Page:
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23-01-2018 19:27
R.I.P Dave Holland, drummer, ex Trapeze and Judas Priest. Aged 69.

22-01-2018 21:32
Wonderful recent interview with Gary Numan.

21-01-2018 21:04
Lucky and now skint, judging by the winning bid!!

21-01-2018 20:47
Some lucky Jeff Lynne fan got a real rarity!

21-01-2018 09:43
Yep in Argent, especially as Rod Argent and Jim we’re cousins.

21-01-2018 07:43
Didn't Rodford also play in Argent and Charlie too?

20-01-2018 22:04
Jim Rodford, bass player, The Kinks, Phoenix (I think?), but I remember him with The Zombies, saw live a while back. RIP

17-01-2018 21:50
In response to Cyrille Regis, BBC 2 repeat the Adrian Chiles documentary, Whites v Blacks, How Football Changed A Nation, unbelievable true story, worth watching

17-01-2018 18:44
Review of the rather splendid `Hornal` album is in the works too.

17-01-2018 01:57
Dave and Jeff's best of 2017 wrap-up's just around the corner too.. computer work

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Articles Home » 1981 Articles » Demon - 1981 Night Of The Demon
Demon - 1981 Night Of The Demon

ALBUM: Night Of The Demon
LABEL: Carerre
YEAR: 1981
CD REISSUE: 1990, Sonic (UK), SONIC CD1 * 2001, Record Heaven, RHCD44 * 2003, Dead Ringer, DRRUS005CD


LINEUP: Dave Hill - vocals * Les Hunt - lead guitar * Mal Spooner - guitar * Paul Riley - bass * John Wright - drums

TRACK LISTING: 01 Full Moon * 02 Night Of The Demon * 03 Into The Nightmare * 04 Father Of Time * 05 Decisions * 06 Liar * 07 Big Love * 08 Ride The Wind * 09 Fool To Play The Hard Way * 10 One Helluva Night * 11 Wild Woman (Bonus) * 12 On The Road Again (Bonus) * 13 Liar (Original Recording - Bonus) * 14 Night Of The Demon (Original Recording - Bonus)


The general misconception of Demon's debut is that it is a piece of 'demonic metal', due to the bands name, album title and cover, which features a mangled cross. Aside from the title track which lyrically could be judged slightly occultish, there is little here to place the album in that zone. Instead it is a superlative set of traditional British hard rock, with anthems pumped out left and right, the lyrics more along the lines of living hard and fast and overcoming the odds! Demon formed in Stoke in the late 70's, signing with French label Carrere, who of course had Saxon and Dokken on their roster also. This debut exceeds much of Saxon's early work it must be said, the melody more evident, with a working class ethic that only British bands seemed to able to grasp properly. The cover made the headlines upon release, a shame as there was enough talent here to push Demon to the top alongside Iron Maiden and co.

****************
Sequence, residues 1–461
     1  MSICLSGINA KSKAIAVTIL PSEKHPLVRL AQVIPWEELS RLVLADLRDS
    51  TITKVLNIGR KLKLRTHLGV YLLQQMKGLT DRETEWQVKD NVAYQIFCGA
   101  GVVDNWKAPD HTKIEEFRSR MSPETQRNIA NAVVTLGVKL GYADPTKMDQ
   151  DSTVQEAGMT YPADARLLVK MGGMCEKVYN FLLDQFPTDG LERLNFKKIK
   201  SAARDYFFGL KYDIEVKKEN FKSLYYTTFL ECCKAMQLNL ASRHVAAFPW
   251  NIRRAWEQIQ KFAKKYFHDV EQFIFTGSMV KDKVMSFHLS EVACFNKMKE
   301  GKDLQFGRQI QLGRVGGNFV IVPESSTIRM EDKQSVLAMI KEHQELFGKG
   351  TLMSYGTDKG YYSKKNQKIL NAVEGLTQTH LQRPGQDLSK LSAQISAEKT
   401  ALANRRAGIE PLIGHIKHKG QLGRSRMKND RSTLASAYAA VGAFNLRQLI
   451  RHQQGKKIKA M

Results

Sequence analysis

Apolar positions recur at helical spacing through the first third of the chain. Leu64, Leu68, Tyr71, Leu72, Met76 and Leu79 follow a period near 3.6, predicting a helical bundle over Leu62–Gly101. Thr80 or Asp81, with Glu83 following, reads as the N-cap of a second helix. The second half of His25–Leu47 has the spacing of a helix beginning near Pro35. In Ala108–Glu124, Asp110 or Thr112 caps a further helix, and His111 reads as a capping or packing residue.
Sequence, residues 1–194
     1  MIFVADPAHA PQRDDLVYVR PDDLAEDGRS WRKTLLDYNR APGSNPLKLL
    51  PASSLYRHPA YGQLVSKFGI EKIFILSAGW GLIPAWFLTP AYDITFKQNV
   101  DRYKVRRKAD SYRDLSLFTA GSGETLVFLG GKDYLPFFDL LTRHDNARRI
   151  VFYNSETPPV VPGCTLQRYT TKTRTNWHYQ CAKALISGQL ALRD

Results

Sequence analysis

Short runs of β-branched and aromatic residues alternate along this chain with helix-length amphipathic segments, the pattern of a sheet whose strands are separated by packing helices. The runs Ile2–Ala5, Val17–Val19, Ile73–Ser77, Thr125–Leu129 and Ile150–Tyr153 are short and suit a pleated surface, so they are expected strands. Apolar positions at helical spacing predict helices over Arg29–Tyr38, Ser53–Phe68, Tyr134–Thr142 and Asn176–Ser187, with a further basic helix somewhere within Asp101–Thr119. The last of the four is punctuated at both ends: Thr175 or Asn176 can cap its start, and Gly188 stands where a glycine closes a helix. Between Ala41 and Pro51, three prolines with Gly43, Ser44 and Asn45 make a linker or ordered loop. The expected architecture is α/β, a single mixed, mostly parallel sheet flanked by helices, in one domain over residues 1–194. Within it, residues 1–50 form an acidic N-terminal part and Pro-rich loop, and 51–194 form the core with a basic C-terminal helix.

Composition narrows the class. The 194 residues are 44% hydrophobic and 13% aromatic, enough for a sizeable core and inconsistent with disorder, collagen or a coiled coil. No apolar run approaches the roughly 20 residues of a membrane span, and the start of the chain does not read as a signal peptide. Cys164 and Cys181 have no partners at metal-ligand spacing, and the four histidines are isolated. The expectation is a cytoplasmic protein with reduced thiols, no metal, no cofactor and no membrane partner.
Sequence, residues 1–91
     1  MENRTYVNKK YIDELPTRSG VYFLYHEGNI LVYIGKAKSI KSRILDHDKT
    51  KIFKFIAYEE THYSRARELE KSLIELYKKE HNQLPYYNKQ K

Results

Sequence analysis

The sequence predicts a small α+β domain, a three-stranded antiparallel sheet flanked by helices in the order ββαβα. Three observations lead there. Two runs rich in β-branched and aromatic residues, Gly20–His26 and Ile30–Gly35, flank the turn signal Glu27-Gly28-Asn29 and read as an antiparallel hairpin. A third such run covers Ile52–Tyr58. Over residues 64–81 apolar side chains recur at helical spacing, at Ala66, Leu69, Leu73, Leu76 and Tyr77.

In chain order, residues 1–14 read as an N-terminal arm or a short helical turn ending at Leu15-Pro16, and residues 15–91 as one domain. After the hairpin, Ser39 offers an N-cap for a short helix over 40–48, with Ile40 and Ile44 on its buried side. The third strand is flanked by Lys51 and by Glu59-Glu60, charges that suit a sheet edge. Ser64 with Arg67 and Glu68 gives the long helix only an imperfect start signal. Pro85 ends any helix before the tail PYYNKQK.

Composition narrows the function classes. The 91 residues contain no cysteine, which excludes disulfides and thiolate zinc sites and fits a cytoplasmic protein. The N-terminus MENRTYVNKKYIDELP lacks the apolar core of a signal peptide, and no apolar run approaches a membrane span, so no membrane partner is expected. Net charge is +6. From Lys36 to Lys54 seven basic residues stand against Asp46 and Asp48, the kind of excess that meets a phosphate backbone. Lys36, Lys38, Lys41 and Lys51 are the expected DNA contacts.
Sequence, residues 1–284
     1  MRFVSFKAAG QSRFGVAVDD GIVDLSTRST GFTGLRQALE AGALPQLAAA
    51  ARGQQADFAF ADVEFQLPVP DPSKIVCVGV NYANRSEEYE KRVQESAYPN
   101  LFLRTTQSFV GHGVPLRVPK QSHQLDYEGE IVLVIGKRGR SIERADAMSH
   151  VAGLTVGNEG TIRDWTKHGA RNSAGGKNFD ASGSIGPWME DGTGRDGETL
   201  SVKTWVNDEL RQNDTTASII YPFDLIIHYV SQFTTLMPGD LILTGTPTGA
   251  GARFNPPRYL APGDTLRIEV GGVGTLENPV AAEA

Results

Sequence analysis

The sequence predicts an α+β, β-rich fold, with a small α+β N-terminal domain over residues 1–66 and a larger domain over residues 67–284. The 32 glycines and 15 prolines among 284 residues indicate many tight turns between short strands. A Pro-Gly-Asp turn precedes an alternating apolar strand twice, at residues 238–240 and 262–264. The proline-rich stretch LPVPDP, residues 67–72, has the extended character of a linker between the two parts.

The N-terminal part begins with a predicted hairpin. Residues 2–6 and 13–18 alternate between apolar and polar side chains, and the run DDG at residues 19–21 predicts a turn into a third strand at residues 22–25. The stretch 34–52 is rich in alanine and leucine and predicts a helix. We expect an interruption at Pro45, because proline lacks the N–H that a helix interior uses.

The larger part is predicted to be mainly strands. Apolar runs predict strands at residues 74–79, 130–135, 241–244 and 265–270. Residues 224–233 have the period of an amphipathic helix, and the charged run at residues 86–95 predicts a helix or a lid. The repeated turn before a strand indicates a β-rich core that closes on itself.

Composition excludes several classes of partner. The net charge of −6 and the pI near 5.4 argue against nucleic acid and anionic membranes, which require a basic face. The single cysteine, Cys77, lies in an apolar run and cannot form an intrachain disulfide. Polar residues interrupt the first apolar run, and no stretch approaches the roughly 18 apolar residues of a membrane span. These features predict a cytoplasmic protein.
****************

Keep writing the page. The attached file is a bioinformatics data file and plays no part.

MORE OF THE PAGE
The Songs
Short and devilish intro 'Full Moon' is a humourous start, with chants of 'rise' and Satan himself putting in an appearance. Hill puts on his Coverdale vocals to a backdrop of typical NWOBHM riffing. 'Into The Nightmare' is a fine burst of energy, followed by the Thin Lizzy inspired 'Father Time', where Hill imitates Phil Lynott to perfection, musically similar to Lizzy's 'Angel Of Death'. The album takes a marvelous turn with 'Decisions', which was made for a show like 'Auf Widersehen Pet', with its rousing message of getting it right and melodic riffs earning it classic status for at least two people I know! 'Liar' moves into UFO territory, Hill now taking on Phil Mogg. The boogie riff that accompanies 'Big Love' is as far removed from demonic metal as one could envisage, with lyrics about hitting the bottle and tight pants ramming the point home. Did anyone actually listen to this? 'Ride The Wind' is another boys own anthem, made for a night on the town! 'Fool To Play It The Hard Way' is a classy piece of melodic hard rock in the best Whitesnake tradition, with a hook that belies its 1981 status. Only a British band could conjure up something this grand. Cleverly the band concludes matters with a tear up, 'One Helluva Night' leaving nothing to the imagination, raging boogie which is actually light years ahead of most NWOBHM flops.

In Summary
Demon were unfortunate to not have the blockbuster debut of their contemporaries, despite continuing to record to this day. Hill is the only remaining original, with 2005's 'Better The Devil You Know' the bands latest album. Over the years the band has seen more lineup changes than any band in history, with the death of Spooner in 1985. The albums have consistently appeared, and the band continues to remain popular in Europe, always a bastion for old English metal bands long out of favour in the native country. Anyone who goes into this hoping for the sound of early Black Sabbath will come back shocked, its nothing of the kind. One for the boys at the bar instead.

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#1 | Jez on June 13 2008 03:22:17
The debut album and pretty good in spots - 'Father Of Time', 'Into The Nightmare','Fool To Play The Hard Way' and of course the title track. The rest is Pretty standard Hard rock of the time, but still holds a certain charm.
#2 | fenton on February 25 2009 09:32:05
The riff from 'Big Love' could be the rudest thing I've heard!
#3 | fenton on February 25 2009 09:32:37
#4 | dangerzone on November 16 2011 13:46:47
I was listening to random songs and 'Father Of Time' came on and I really thought it was Thin Lizzy. It took a few minutes to recall what it was! Good job I pointed it out in this review.
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